Tuesday, March 27, 2018

Everyone wants to pile on poor Mark Zuckerberg. Anyone have a practical solution in mind?
FTC to Probe Facebook Over Privacy Practices
The Federal Trade Commission (FTC) confirmed news reports from last week that it had opened an inquiry over the harvesting of data on tens of millions of Facebook users by the British consulting group Cambridge Analytica.
… Acting FTC consumer protection chief Tom Pahl said the agency will look into whether Facebook violated its privacy promises or failed to comply with the US-EU agreement on data protection known as the Privacy Shield.
The agency also will also determine if Facebook engaged "in unfair acts that cause substantial injury to consumers in violation of the FTC Act."
Separately, Senate Judiciary Committee chairman Charles Grassley said he had asked Facebook CEO Mark Zuckerberg to appear at a hearing on April 10 "to discuss Facebook's past and future policies regarding the protection and monitoring of consumer data."
Grassley said he also invited Google CEO Sundar Pichai and Twitter CEO Jack Dorsey "to discuss the future of data privacy in the social media industry."

Mark Zuckerberg refused to explain Facebook's data scandal to British politicians — and wants to put senior execs in the firing line instead

For my Software Architecture students. Design a better digital instrument panel.
In Car Makers’ Digital Dash, Little Room for Error
Luxury cars are shedding the knobs, needles and dials once needed to control the cabin, opting instead for digital dashboards. But the software that now runs everything from speedometers to climate controls can prove buggy, causing car buyers to rethink just how modern they want their cars to be.
Car companies that typically charge a hefty premium have issued recalls to fix various glitches, and regulators now pinpoint software problems as being responsible for an increasing number of malfunctions.

Now this is an interesting article that I completely disagree with. Kind of like saying Drug Dealers are a utility? I can see the failure of Water, Gas, Electricity or Banking causing massive disruption, but Social Media? I might even agree that the Internet is rather important. Sometimes Social media acts like they believe this.
The Social Utility | Social Media
If you study economic cycles, you can watch the evolution of a disruptive technology throughout its lifecycle, from a specific product to a competitive industry. The last phase in the evolutionary chain is the formation of a utility.
For example, over a couple of centuries we've seen the evolution of electricity from a curiosity, to a business, to a group of public companies. Along the way there were the inevitable mergers and acquisitions to enable a winnowing field of competitors to achieve the scale needed to compete in very large markets.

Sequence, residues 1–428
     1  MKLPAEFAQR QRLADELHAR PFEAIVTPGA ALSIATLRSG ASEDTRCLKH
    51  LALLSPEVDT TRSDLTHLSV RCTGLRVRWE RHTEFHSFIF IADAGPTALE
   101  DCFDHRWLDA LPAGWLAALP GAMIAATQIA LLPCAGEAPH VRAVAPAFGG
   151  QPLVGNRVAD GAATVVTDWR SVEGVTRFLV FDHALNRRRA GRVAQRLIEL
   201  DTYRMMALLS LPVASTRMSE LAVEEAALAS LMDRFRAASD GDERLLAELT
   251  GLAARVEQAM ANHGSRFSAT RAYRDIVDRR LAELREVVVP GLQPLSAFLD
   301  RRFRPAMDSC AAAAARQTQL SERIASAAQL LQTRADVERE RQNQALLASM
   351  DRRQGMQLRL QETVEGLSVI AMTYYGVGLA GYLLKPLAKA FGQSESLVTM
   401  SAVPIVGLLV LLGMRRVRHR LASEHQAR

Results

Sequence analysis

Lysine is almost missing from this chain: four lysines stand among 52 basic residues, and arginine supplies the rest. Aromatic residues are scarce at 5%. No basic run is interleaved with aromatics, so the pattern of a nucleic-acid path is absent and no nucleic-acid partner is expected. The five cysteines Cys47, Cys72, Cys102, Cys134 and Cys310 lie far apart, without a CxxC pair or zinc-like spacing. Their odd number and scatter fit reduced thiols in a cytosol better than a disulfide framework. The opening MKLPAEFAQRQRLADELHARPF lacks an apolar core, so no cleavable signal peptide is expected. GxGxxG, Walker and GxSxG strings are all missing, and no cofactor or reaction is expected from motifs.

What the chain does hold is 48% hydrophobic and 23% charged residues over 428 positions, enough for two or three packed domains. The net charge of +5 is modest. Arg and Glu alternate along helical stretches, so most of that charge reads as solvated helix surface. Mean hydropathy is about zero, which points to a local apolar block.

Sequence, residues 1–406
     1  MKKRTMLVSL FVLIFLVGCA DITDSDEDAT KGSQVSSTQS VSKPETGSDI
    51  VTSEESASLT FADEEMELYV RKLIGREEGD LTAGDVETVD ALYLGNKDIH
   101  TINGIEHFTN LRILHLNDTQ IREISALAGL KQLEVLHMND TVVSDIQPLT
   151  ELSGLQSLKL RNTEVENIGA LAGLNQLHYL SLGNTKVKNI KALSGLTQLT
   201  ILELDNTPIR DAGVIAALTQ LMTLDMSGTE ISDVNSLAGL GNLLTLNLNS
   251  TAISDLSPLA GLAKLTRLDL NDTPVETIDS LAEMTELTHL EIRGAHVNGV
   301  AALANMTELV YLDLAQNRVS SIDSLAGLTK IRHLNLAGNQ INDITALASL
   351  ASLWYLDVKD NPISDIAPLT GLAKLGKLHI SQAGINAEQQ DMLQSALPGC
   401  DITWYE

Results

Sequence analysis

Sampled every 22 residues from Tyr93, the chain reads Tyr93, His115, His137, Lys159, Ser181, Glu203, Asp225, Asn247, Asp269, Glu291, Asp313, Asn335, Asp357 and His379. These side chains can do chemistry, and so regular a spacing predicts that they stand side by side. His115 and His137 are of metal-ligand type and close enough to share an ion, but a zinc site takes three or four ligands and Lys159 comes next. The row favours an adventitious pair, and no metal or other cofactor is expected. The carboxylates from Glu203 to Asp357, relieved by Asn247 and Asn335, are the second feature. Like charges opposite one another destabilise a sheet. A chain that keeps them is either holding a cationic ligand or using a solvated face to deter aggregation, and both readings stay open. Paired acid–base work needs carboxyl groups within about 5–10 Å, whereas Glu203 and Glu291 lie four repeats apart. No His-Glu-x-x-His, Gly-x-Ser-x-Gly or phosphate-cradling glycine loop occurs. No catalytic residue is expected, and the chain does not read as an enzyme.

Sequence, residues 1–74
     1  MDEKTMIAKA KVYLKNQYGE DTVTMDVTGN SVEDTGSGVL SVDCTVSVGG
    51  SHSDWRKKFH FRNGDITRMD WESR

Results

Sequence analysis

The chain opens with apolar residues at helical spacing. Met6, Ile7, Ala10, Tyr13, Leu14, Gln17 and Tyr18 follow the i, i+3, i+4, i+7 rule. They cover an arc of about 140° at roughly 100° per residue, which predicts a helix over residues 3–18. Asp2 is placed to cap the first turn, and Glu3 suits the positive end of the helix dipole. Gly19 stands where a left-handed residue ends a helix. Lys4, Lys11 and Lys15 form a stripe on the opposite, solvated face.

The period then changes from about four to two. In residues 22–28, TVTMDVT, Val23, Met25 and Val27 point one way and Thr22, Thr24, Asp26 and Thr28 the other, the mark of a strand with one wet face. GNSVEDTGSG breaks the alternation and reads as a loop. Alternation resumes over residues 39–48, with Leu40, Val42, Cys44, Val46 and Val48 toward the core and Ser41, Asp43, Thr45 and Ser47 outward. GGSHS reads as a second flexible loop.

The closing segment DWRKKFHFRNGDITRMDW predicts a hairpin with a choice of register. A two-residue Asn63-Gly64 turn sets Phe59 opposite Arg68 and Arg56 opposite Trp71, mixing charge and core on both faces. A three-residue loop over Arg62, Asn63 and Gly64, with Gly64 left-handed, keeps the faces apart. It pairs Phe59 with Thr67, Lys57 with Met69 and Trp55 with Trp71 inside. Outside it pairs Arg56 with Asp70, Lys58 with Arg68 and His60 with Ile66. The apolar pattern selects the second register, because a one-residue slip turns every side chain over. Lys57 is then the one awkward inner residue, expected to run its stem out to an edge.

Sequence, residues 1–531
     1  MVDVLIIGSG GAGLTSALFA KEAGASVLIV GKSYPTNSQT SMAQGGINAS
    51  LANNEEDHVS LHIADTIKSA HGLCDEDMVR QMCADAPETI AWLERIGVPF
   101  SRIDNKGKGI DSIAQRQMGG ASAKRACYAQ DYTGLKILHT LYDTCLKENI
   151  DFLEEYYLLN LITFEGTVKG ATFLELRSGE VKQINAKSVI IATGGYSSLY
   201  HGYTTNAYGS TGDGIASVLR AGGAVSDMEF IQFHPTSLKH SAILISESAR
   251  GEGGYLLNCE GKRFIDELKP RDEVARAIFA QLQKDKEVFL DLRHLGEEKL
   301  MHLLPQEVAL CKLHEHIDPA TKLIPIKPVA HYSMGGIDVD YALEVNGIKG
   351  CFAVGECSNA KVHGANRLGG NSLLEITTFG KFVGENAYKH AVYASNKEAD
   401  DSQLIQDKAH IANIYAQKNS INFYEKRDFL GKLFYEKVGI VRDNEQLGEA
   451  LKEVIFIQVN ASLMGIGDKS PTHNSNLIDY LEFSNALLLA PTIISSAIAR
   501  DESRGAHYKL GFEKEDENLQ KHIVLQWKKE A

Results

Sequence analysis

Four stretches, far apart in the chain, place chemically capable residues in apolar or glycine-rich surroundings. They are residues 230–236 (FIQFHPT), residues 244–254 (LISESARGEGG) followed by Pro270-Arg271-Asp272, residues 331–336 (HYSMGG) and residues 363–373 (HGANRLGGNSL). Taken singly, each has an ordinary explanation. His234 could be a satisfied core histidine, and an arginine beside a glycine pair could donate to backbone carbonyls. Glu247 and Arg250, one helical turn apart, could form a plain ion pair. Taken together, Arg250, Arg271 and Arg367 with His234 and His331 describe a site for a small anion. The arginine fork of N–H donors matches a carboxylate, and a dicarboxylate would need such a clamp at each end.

It wasn't just the electric industry that went through an evolution. The oil, gas and coal industries did the same. Banking is in a similar position. In fact, any industry that attracts the term "too big to fail" is showing signs of utility status.
When your business becomes so big that it affects large segments of society, it can't be allowed to fail lest it crater the economy or cause massive disruption that would injure many people. At that point, government has a compelling interest in preventing failure -- and along with that, an interest in regulating the riskiest corporate behaviors.
The latest example to hit the radar might be social media, which has completed many steps of the lifecycle with blistering speed in just over a decade. This speed notwithstanding, we are now at a point where what happens in social media affects all of us.

For the next time I teach Statistics.
New on LLRX – Statistics Resources and Big Data 2018
Via LLRXStatistics Resources and Big Data 2018Marcus Zillman’s new guide is a comprehensive resource for all researchers who require access to reliable and accurate publicly available statistics and big data sets that address diverse and timely subject matter. The resources included in this guide are developed and maintained by a range of organizations, including: academic and scholarly sources, the federal government, the corporate and business sectors, open source contributions, advocacy groups, NGOs and IGOs.

Is this why my students are surfing the Internet as I lecture?

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